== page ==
I do have a possible alternate idea of mounting the 65 tank below the floor, which would require cutting out the spare tire well also and re skinning the floor. I may yet do that. The drop in mounting would work alright, but I find myself wanting to be picky on how it's mounted which would involve fabbing up a shelf lip ala' 65 mustang trunk for it to mount to neatly and correctly. As this would be a lot more work, I think I can successfully under mount it once the floor is re skinned with perhaps less fabbing. I wasn't planning on using the stock filler location anyway so filler plumbing will be a fab job anyhow. The fuel filler will exit the rear under the licence plate. I am running the stock rear battering ram bumper, so protection is as good as any car. The 65 tank is quite shallow, so It will not hang down even as much as the stock tank.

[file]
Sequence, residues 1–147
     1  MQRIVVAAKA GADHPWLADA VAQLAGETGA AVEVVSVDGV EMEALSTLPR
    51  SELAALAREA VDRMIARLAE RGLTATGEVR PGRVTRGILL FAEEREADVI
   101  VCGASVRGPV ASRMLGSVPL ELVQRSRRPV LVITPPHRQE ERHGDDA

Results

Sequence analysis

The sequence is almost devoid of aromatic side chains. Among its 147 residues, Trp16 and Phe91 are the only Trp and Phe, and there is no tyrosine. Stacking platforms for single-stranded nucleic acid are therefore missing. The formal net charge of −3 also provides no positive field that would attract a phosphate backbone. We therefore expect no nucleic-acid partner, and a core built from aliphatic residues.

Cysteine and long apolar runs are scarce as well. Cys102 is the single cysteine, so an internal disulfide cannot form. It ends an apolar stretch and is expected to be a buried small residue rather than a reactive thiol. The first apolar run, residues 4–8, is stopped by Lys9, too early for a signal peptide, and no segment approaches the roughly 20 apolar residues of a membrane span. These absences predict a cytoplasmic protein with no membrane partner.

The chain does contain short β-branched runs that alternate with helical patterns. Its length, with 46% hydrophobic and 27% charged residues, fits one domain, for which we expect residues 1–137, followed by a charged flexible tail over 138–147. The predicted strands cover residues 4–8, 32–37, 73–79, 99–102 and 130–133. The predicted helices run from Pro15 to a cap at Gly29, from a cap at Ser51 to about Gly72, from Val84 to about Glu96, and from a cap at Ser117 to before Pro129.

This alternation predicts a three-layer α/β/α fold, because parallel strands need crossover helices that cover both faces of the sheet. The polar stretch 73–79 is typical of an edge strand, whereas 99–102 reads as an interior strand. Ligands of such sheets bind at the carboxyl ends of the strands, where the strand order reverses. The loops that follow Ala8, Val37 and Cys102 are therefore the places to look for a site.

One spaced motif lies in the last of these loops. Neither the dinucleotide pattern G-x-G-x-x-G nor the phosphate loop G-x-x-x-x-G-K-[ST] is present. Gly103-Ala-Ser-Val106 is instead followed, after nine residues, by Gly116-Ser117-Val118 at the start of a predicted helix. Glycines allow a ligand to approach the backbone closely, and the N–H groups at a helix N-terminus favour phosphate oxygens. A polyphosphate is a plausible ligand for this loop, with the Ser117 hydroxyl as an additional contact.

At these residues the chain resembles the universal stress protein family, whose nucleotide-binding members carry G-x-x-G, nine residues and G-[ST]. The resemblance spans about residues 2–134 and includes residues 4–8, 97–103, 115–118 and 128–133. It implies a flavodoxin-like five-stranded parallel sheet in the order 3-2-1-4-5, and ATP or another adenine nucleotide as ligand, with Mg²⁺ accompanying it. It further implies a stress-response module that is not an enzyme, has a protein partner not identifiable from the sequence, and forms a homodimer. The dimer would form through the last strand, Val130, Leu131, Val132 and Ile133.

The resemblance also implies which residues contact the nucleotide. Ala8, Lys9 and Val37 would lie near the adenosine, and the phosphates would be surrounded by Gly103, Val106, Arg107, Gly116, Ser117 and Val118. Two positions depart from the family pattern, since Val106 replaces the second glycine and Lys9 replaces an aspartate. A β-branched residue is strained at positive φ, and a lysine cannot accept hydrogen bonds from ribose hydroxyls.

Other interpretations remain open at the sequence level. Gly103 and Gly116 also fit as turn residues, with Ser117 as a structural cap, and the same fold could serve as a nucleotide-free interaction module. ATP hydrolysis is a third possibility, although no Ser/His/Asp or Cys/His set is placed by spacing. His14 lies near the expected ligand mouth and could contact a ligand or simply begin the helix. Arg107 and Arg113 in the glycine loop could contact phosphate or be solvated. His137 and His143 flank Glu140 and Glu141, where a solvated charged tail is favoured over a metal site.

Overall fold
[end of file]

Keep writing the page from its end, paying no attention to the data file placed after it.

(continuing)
If none of it looks safe when I mock it up, I will not go with it. It's kind of hard to say at this point until it is mocked up.
If the early mustang tank where converted for a fuel inlet on the side, the solution with the removed spare tire well (and reskinning) would be the perfect solution IMO. But I'm not familiar if this is easy to to?!
It could be converted for fuel inlet on the side as well. Only difference would be the little bit of welding or soldering involved. However, most fuel tanks are galvanized and not super safe to weld on as noxious gasses are released when welding. I think cianide if I remember correctly.
If you watch the video you can see that I welded on the Fox tank. I was in a well ventilated area and rinsed the tank out the best I could a couple of times with water. I had absolutely no issues with anything catching fire or anything else. Now I wouldn't advise welding on a fresh tank or anything, but mine had been empty for quite some time beforehand. What I can say from experience is that they don't like being welded on too much. Even with the prep I did it ended up being a little porous, so I ended up having to use Red-Kote to seal it.